I was a kid. The “Grand Ole Opry” had recently moved to Opryland. My old man was working in Spring Hill, Tennessee, building the GM plant. We were living nearby. It was a July evening and my father was young. Younger than I am now.
My father came home from work one evening, covered in soot and sweat. His red hair was a mess from wearing a welding helmet all day. He had raccoon eyes and the artificial sunburn that come from wearing goggles and holding an oxyacetylene torch.
He announced that we were going to the Opry. Just me and him. To see Ernest Tubb.
Mama dressed me in red Dennis-the-Menace overalls, a Willie Nelson T-shirt, and teeny Converse Chuck Taylors. Then she combed my hair with one of those black nylon hairbrushes that shredded your scalp and gave you a subdural hematoma.
We piled into my father’s truck. It was an F-100, forest green, with a welding-machine trailer attached to the back.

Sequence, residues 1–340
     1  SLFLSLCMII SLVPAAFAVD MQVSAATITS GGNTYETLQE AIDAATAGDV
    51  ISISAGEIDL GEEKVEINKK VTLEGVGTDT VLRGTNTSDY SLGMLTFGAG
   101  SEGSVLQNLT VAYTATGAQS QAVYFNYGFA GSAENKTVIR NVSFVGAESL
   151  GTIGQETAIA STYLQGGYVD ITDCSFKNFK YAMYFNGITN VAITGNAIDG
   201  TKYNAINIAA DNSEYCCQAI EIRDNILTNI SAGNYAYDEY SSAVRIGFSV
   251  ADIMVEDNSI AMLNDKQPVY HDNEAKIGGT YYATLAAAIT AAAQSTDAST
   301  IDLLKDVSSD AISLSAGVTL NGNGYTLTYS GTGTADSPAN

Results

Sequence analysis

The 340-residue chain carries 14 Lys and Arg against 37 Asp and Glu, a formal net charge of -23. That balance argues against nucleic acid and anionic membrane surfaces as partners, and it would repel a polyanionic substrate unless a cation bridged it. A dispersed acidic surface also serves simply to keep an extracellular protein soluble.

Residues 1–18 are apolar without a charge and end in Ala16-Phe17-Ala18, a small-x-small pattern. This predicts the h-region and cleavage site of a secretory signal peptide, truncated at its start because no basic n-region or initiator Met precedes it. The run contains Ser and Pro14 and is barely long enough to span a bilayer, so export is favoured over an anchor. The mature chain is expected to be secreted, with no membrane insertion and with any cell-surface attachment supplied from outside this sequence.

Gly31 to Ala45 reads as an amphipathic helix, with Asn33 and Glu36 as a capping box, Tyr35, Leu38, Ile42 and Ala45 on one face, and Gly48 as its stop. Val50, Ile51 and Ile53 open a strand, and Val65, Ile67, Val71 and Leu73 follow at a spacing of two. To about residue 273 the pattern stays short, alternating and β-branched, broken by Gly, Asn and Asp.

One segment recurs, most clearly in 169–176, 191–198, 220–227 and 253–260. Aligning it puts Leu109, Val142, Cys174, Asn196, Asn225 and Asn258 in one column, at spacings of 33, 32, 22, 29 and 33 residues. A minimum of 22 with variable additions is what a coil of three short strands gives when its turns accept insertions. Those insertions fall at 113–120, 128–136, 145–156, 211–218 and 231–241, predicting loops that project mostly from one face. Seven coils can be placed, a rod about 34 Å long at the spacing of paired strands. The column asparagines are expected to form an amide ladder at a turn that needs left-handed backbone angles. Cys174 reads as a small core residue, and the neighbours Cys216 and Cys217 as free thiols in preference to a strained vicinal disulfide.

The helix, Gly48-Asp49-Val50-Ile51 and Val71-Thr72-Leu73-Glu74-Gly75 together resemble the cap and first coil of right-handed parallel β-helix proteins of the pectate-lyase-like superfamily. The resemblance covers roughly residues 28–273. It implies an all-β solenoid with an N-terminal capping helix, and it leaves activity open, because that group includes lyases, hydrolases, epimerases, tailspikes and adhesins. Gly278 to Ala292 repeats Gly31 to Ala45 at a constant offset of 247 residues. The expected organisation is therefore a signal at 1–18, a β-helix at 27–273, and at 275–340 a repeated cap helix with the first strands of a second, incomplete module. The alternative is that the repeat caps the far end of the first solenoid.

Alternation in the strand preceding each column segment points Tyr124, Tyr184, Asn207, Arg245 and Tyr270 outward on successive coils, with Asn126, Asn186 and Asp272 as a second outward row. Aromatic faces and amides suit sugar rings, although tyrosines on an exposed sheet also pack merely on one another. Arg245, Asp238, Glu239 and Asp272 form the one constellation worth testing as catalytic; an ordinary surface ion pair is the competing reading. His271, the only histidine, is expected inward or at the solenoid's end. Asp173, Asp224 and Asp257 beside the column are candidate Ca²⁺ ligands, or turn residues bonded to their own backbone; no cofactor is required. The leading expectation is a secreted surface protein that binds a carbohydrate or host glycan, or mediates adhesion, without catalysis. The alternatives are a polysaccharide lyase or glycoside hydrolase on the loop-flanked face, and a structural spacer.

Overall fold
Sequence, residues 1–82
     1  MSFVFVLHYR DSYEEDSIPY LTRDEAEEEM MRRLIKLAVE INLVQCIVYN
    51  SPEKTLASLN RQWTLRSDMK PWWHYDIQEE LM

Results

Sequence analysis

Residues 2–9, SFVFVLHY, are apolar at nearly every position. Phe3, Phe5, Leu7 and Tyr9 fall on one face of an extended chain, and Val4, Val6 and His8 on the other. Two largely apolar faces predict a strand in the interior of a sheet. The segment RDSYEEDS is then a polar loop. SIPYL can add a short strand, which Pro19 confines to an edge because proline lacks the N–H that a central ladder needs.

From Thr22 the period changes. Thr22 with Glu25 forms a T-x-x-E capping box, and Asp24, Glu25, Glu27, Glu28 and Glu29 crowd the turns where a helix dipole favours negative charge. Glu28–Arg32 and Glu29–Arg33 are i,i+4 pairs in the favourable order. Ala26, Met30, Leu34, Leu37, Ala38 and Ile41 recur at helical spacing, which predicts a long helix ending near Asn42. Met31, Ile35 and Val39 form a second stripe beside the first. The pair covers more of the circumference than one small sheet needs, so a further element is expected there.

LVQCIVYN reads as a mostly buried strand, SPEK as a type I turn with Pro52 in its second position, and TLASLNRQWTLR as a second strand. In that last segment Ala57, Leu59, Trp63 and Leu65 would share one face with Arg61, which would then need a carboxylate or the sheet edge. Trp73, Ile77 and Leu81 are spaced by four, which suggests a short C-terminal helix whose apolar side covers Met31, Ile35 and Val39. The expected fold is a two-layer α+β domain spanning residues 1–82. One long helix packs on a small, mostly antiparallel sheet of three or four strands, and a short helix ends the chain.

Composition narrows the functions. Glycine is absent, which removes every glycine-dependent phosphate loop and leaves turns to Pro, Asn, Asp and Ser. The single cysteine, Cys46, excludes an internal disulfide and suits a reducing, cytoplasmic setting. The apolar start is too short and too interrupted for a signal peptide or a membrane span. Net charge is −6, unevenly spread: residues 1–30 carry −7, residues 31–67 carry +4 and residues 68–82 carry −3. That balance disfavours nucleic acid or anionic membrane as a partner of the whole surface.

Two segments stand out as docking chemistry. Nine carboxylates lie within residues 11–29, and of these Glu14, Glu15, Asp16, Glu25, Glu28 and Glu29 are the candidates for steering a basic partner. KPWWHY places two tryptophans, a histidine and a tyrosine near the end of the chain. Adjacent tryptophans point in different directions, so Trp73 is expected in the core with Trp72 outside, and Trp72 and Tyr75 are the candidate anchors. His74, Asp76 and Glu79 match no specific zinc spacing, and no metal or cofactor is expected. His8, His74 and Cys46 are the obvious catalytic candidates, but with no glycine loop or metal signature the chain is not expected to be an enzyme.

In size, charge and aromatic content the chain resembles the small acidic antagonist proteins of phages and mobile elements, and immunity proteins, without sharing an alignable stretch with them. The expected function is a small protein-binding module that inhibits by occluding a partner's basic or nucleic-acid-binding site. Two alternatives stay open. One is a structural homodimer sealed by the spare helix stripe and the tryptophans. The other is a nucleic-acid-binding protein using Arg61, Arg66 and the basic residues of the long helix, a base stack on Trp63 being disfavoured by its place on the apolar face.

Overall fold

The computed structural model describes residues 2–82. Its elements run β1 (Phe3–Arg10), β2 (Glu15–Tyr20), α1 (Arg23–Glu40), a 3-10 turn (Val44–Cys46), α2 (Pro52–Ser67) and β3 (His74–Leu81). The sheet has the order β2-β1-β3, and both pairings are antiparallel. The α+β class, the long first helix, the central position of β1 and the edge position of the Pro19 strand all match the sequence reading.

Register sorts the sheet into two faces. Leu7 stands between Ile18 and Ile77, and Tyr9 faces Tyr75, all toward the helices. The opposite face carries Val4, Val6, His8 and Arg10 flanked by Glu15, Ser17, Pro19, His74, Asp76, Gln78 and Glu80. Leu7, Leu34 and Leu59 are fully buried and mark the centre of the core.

It was a 40-minute drive into Nashville
proper. We entered the city. It was magnificent. The lights. The people wearing cowboy hats. The scent of French fries and pork fat in the air.
My father took me to get ice cream before the show. We sat outside on the curb and I spilled my vanilla on my Willie shirt. So he took my shirt off. I was bare chested beneath my little red overalls.
We pulled into the Opryland parking lot before showtime. We were walking into the building when a man approached my father. He had white hair. He was dressed in rags. He asked my father for money.
My old man never carried much money, for his own protection. Not protection against thieves, but protection against himself. “If I have money I’ll spend it,” he always said.
So he never carried much more than a few tens. He was a notorious tightwad. He was…